By Hans Morgenstern
By Joseph Hess
By Peter Gilstrap
By Julia Burch
By Jeremy Essig
By Nathan Smith
By Julie Seabaugh
By Julie Seabaugh
Millions of twentysomethings shrugged at the news of this year's Blink-182 reunion — but just as many kids and teens grabbed their mom's credit card and shelled out for tickets. The San Diego pop-punk trio has only been on hiatus since 2005, but its influence on music endures — from the timeless sound of radio singles such as "All the Small Things," "What's My Age Again?" and "First Date" to the many Warped Tour acts who cite Blink as an influence.
Strangely enough, Blink's tourmate for some of its reunion trek is Weezer, a band whose career is just as problematic (and influential). In recent years, Rivers Cuomo and Co. have strayed somewhat from the lovelorn tunes that made them emo-nerd darlings in the '90s — courtesy of Internet-gimmick videos ("Pork and Beans") and so-so releases (most of 2008's self-titled LP, a.k.a. The Red Album). But Weezer's fans are just as loyal as Blink's supporters, and will continue to vouch for its relevance and quality. Read on.
Ryan Wasoba: Ah, the excitement of the reunion tour. I remember the thrill of 2001, when I finally had the chance to see nerd-rock progenitors Weezer — which had broken a three-year hiatus the year before — in concert. (I loved the band, but was too young to catch it on its initial run.) That initial stomach-knotting titilation was something to behold, and it's the same feeling that local Blink-182 fans are experiencing at this very moment, in anticipation of the band's upcoming performance at the Verizon Wireless Amphitheater. But as the honeymoon period dies down, one must ask the following questions: Why? and, Why now?
Blink-182 may have taken a break, but its members haven't strayed far from the limelight. Vocalist/guitarist Tom DeLonge started Angels & Airwaves, while vocalist/bassist Mark Hoppus formed Plus 44 with drummer Travis Barker. Sure, the trio may not have been able to "capture the same magic" in other projects, but re-forming Blink-182 still seems like a cheap way to make a buck — especially since the group doesn't seem any more popular or influential today than they were two years ago.
With Weezer's reunion tour, the reasons behind "Why?" and "Why now?" were more genuine — or at least more romantic. Pinkerton flopped, Rivers Cuomo felt like a failure, and fans embraced the band's underrated sophomore album and utilized the newfangled Internet to share their enthusiasm. Over the course of four short years, Weezer had a cult following and the validation that it wasn't just a flash in the alternative-rock pan. Plus, Weezer's musical and cultural influence over that period of time had seeped into the burgeoning emo movement, with outfits like the Get Up Kids and Saves the Day making obvious nods to the band.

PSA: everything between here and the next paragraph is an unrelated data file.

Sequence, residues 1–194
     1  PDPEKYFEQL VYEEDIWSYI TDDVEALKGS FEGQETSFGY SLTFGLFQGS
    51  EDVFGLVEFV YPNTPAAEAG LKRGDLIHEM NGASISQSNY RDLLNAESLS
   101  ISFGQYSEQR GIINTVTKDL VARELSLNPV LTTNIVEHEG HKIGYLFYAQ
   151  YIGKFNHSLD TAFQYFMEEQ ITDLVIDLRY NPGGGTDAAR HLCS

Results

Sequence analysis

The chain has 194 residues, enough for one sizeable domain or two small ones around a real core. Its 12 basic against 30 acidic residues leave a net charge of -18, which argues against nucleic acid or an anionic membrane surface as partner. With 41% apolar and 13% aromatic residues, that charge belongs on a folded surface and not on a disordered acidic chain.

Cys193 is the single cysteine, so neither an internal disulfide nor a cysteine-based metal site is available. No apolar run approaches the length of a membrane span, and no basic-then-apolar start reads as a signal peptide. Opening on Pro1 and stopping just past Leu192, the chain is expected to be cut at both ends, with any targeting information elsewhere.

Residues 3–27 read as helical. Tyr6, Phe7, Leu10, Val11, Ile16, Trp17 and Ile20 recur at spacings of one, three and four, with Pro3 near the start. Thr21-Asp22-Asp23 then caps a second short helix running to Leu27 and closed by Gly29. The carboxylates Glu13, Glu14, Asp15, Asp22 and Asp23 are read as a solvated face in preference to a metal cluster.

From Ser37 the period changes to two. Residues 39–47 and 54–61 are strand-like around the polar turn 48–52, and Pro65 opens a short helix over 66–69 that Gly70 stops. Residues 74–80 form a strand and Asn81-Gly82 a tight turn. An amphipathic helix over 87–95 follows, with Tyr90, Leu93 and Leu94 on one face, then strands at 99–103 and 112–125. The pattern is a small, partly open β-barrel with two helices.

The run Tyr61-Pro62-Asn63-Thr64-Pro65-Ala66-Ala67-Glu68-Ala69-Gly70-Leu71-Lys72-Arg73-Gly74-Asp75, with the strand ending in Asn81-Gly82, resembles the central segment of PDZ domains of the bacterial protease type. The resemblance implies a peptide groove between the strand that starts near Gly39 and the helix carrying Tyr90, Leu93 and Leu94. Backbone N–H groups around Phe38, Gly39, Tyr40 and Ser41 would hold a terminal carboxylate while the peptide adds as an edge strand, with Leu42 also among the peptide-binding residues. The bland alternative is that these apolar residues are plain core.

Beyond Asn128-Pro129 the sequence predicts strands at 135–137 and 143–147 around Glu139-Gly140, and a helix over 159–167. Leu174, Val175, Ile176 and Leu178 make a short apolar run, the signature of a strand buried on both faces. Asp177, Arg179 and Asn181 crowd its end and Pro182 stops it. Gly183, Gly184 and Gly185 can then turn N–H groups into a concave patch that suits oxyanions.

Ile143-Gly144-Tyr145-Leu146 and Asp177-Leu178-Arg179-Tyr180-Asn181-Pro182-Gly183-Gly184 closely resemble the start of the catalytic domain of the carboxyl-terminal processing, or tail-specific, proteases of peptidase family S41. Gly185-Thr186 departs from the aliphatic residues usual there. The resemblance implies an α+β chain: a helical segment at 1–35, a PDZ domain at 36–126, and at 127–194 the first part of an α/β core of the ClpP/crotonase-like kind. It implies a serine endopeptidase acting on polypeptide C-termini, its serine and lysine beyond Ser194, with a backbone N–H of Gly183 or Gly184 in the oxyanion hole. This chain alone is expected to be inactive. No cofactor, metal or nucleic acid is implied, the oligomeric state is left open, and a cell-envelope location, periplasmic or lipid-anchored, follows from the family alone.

Nearly every Alternative Press cover band today claims influence from Blink-182, but they could probably say the same thing about Green Day or the Descendents. Meanwhile, most folks aged 16 to 26 who have ever worn thick glasses, bought ironic T-shirts at thrift stores and/or bid on a Moog synthesizer on eBay can likely claim Weezer as an important part of their lives. It's for these reasons that I firmly believe that Weezer is better than Blink-182.
Annie Zaleski: Originally, I was going to snark: I'm assuming you meant to say that Weezer is better than Blink-182 was back in 1996 (i.e., when Blink was a baby punk band). But then I heard the band's new song, "(If You're Wondering If I Want You To) I Want You To," and that argument flew out the window. Where has Rivers Cuomo been hiding a song like this all these years? Handclaps, strummy guitar, a tight groove and really sweet, lovelorn lyrics — it all adds up to a perfect soundtrack for a summer-fling-turned-relationship.
Still, this tune doesn't excuse Weezer's last half-decade or so (and that's coming from someone who liked 2001's Weezer — a.k.a. The Green Album — and 2002's Maladroit). See, despite the band's reputation for nudity and fart jokes, Blink and its songs never had problems being honest — and didn't hide behind irony or clever genre spoofs. And Blink's last album (the self-titled one) showed more maturity and heart — unironically — than Weezer's last few albums combined. Witness: A Robert Smith duet and a song containing actress Joanne Whalley reading World War II-era letters from Mark Hoppus' grandfather to his grandmother. And that's not including Enema of the State's "Adam's Song," a song that addresses suicide and depression.
Sure, Blink's brand of gross-out humor resonated with an entirely new crop of pop-punk bands — current mainstream darlings All Time Low come to mind. But the band has more depth and nuance than most people think. And this reunion is merely a symptom of how fast nostalgia for the past works these days. (See also: the reunion from the aforementioned Get Up Kids.)
RW: It's easy to dismiss Weezer's decline from serious subject matter and heartfelt delivery (Exhibit A: "Only in Dreams") to its current era of novelty and goof (Exhibit B: "We Are All On Drugs"). Blink's career only seems more legitimate in hindsight because the band's career path was the complete opposite, starting with the pee-pee and poo-poo jokes and eventually grasping for depth. But the tools Blink used to appear grown up — slower tempos, overproduction, a fetish for the Cure — read like the oldest clichés in Musical Maturity for Dummies.